How to Read Your Home Inspection Report

Finally done with the home inspection for your new home? You’ve just been handed a report but… how do you even read one? Let’s be honest: reading the home inspection report might feel as hard to understand as driving on I-10 during rush hour. 

It’s easy to get confused about things like base settling and a broken dishwasher while turning up the AC (because, let’s face it, it’s hot all year in Houston). 

We’ll break down the report section by section, explain those head-scratching terms, and get you feeling confident about your new home. So let’s start. How to even read a home inspection report.

Understanding the Structure of Your Report

  •  Check-in Date and Place: In this simple form, you can find out when and where the inspection happened. It’s necessary for keeping track of things and making references.
  •  Details about the client: Your information, like your name and contact information, makes sure that the report is properly credited to you and can be found by you.

Summary of What Could Be Found

Think of this as the CliffsNotes version of your inspection. The summary condenses the main points of the review into a short outline, pointing out any major problems or areas of worry that were found. This is a good place to start learning about the property’s general state.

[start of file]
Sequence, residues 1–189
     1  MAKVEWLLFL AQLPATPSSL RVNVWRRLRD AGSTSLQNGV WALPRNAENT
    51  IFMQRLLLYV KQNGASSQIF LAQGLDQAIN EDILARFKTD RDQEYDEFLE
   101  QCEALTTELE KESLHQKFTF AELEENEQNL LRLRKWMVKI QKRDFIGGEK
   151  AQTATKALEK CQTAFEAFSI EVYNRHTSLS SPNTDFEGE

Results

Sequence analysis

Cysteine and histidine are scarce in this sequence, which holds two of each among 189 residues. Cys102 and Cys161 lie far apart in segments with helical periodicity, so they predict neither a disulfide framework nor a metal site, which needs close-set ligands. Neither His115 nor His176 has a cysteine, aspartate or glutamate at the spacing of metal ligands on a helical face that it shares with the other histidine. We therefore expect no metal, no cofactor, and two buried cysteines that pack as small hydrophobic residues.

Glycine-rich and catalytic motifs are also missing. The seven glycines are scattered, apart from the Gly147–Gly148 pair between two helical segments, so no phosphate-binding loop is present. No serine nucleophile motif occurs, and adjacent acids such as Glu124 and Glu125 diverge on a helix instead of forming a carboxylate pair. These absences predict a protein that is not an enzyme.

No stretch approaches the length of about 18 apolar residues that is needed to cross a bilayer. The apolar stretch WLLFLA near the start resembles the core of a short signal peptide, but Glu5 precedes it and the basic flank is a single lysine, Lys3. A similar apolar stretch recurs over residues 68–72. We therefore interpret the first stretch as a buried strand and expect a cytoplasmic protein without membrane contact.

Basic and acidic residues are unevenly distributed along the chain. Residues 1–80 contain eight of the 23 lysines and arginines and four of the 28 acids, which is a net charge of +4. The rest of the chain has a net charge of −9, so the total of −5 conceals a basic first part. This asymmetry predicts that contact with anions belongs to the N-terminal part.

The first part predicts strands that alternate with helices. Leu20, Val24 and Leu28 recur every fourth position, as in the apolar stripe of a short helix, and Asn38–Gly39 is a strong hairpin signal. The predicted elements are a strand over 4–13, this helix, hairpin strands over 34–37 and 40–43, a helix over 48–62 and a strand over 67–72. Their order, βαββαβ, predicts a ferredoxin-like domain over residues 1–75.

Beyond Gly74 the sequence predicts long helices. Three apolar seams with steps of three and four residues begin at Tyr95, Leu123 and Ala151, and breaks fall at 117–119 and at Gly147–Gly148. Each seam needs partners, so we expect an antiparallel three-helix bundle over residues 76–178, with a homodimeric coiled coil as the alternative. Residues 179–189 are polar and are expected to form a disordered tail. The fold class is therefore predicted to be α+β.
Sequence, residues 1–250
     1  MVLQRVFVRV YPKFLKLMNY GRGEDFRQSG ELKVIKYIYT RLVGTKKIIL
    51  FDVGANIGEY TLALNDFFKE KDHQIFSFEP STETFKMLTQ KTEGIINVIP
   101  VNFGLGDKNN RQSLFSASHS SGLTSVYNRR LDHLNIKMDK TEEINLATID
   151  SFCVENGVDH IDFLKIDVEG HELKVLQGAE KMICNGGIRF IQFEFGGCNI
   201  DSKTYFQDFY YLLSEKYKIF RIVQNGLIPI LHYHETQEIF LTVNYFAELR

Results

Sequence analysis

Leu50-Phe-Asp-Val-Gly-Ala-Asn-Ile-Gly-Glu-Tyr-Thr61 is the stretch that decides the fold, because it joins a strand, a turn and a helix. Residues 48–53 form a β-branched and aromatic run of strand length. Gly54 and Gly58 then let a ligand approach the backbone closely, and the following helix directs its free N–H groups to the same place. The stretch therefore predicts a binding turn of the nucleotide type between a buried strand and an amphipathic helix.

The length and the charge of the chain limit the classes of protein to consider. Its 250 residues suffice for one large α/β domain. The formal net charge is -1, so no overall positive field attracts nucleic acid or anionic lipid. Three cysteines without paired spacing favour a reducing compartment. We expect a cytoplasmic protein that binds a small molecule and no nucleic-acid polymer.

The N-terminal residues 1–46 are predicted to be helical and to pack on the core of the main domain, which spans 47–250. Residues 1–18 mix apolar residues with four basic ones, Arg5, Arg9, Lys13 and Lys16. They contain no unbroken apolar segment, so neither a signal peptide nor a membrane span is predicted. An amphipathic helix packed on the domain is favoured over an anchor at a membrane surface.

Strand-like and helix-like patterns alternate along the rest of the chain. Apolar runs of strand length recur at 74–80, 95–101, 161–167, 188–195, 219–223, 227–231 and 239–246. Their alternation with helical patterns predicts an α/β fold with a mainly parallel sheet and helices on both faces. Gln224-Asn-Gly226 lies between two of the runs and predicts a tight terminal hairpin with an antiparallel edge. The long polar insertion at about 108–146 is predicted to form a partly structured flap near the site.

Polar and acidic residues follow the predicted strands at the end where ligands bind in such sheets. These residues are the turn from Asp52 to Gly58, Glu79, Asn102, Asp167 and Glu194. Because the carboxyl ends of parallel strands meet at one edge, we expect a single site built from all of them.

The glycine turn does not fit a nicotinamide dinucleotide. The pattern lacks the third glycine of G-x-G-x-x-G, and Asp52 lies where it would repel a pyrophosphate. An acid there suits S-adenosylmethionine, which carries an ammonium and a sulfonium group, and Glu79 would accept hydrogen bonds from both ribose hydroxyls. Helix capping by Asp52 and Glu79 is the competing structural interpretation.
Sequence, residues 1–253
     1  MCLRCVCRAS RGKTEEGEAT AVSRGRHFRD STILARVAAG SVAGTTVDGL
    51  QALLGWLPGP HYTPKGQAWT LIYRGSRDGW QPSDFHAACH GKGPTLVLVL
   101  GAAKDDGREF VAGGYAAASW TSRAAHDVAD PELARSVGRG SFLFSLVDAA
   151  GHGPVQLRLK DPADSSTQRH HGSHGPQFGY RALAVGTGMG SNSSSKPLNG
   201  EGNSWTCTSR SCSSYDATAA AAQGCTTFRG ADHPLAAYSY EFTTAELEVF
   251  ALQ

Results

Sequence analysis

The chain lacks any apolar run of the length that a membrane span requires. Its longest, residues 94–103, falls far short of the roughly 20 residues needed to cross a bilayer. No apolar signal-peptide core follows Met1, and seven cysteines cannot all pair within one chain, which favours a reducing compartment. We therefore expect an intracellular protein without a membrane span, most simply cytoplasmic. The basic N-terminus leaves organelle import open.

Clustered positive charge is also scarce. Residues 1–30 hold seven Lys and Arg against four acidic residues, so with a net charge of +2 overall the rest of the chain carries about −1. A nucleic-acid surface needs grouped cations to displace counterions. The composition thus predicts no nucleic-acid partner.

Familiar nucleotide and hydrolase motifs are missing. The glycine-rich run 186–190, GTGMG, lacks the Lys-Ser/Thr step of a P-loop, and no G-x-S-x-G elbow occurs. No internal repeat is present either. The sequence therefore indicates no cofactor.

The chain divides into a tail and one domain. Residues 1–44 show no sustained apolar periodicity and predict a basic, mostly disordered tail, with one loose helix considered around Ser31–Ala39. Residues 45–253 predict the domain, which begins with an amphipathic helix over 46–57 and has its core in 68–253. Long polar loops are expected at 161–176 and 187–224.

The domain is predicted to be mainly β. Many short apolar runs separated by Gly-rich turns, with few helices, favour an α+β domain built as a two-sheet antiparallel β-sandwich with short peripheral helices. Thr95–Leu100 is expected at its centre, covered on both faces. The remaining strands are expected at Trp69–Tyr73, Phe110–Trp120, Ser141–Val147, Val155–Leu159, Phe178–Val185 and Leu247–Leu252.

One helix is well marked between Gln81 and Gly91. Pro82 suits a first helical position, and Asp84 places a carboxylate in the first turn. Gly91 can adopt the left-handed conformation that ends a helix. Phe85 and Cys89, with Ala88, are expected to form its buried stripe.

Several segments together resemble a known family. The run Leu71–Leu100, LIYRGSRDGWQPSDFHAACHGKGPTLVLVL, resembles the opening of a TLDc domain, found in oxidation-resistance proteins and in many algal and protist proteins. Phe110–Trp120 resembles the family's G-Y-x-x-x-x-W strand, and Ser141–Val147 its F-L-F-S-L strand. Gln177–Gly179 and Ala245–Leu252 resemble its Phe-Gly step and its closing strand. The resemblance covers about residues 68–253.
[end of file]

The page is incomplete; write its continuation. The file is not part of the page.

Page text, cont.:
Results of a Thorough Inspection

To get into the specifics, let’s go further. The main part of your house inspection report will be about the specifics of the land, such as:

  • Outside: This part talks about everything outside of your house, from the front door to the grounds.
  • Interior: Go inside and check out the state of the walls, ceilings, floors, doors, and windows in each room.
  •  Roof: The health of your roof is very important for keeping your home safe from the weather. This part looks at the item’s state, its materials, and any problems that have been seen.
  • Parts of the Structure: Every house needs a strong base to stand on. Here, inspectors check the base, walls, and framing to make sure the building is structurally sound.
  • Electrical Systems: It may sound shocking, but electrical problems can be very dangerous. To make sure everything is up to code, inspectors look closely at the wires, plugs, switches, and panels.
  • Drains and pipes: Leaks, drips, and clogs, oh my! This part checks your home’s water system for any signs of trouble, from the lines to the fixtures.
  • Temperature Control: HVAC systems keep your home comfortable all year by controlling the temperature, airflow, and humidity. Inspectors check these systems to ensure they’re working properly and quickly.
  • Other Components: This group includes everything from appliances to attics and crawl spaces. It also includes any other features or interesting parts of the house.

Interpreting Inspection Terminology and Ratings

To fully understand what your inspection report says, you need to know how it is written. These are some everyday words you may come across: